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Marine Corps Air Station Iwakuni, Japan


Marine Corps Air Station Iwakuni, Japan

MCAS Iwakuni is a mission-ready air station, capable of providing continuous base-operating support for tenant organizations and follow-on U.S. and allied forces during training, combat or contingency (HA/DR) operations throughout the Indo-Asia Pacific region.

By Staff Sergeant Timothy LeMaster | | July 20, 2000

Marine Wing Service Support Squadron 171 finished up the force-on-force portion of Cloud Warrior 2000 at Camp Fuji, Mount. Fuji Japan.

Marines units from MCAS Iwakuni and Okinawa split into four platoons, making up a red team and blue team.

The teams spent five nights and six days in a tactical field environment during the exercise.

"The force-on-force was the way to test all of the training they had received," said Staff Sgt. Bradley T. Reilly, Cloud Warrior 2000 chief instructor. "I want them to learn they can survive in the field. The only way to learn is to go live there. They learn the little things like waterproofing their wallets and keeping their feet dry."

During the force-on-force portion, Marines conducted 24-hour patrols, practiced basic survival skills, defensive postures and learned the importance of land navigation. All of these subjects were taught during the first phase of training.

"A classroom environment is on paper. Not everything you need to know is going to be in the book, situations dictate. Sometimes you need to adjust. Experience is the best way to learn," said Cpl. Sammy Villarreal from CSSD-36 supply. "Land nav was the main skill we used. We had to give sitreps and grids to headquarters all the time so they would know our status."

The survival lessons came in handy for many people. "There was one time we were waiting on our resupply of water," said Lance Cpl. Michael Wright of CSSD-36 supply. "It wasn't going to be delivered for a couple hours so we got it from the creek. Corporal Lobo brought it back up, and it tasted better than the water we were being supplied with."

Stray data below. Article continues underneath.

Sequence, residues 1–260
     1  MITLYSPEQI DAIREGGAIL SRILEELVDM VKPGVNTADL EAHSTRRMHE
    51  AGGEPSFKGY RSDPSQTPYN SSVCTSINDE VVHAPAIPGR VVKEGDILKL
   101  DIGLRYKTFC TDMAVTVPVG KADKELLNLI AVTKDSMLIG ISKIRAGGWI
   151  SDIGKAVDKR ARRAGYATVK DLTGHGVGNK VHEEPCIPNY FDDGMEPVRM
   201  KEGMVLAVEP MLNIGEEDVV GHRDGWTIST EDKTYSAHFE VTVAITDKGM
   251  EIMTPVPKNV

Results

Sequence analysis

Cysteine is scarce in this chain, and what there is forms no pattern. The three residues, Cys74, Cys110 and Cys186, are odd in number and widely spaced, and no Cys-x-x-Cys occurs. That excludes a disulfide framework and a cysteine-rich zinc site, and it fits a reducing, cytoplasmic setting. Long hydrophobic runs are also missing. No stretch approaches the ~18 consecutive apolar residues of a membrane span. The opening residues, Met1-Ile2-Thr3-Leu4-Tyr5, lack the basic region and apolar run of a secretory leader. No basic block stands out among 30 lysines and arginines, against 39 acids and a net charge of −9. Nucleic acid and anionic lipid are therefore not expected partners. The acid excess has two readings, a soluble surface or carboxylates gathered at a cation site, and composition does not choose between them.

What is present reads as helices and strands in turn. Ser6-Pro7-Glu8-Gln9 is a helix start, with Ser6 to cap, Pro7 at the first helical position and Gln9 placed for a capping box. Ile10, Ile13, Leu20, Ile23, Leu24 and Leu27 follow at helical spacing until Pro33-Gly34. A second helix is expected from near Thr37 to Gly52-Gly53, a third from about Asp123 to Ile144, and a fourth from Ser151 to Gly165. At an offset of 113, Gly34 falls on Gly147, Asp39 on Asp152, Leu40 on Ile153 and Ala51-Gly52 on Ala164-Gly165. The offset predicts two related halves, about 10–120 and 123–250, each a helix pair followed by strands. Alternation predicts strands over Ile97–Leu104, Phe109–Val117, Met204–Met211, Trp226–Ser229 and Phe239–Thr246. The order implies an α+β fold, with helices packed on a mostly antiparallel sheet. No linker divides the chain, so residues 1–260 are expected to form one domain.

The Marines conducted numerous patrols ranging from a few hours to several days. Sergeant Michael Pluger a combat engineer from MWSS-171, took a small team out on a three-day patrol in an effort to track and harass the enemy. According to Lance Cpl. Christopher Zampella, also from 171 engineers, their survival skills were pushed to the limits drinking purified water, moving day and night and living off one MRE a day.

Contact with "enemy" units was minimal for the duration of phase two. This lack of contact made for many long hours of simply looking for enemy during reconnaissance or security patrols and sitting in the defense at the patrol bases.

"It can be monotonous patrolling over and over," said Reilly, "In a real environment, you don't want contact. If you get contact, you want it on your own terms."

Many of the participants of Cloud Warrior want to see this kind of training happen more often.

"I think it is very important," said Staff Sgt. Romann Pound with MACS-4 in Okinawa. "I?m going to ask if we can incorporate this training into our group or squadron training program."

"Marine Wing Support Squadron-171 and 172 are basically the only two wing organizations that do this kind of training -- the hands on application with the weapons and force on force in the field," added Pound.

"The overall value of this training is real important for the service support Marine," said Sgt. Derrick North, CSSD-36. "It was a real eye opener for me as a sergeant."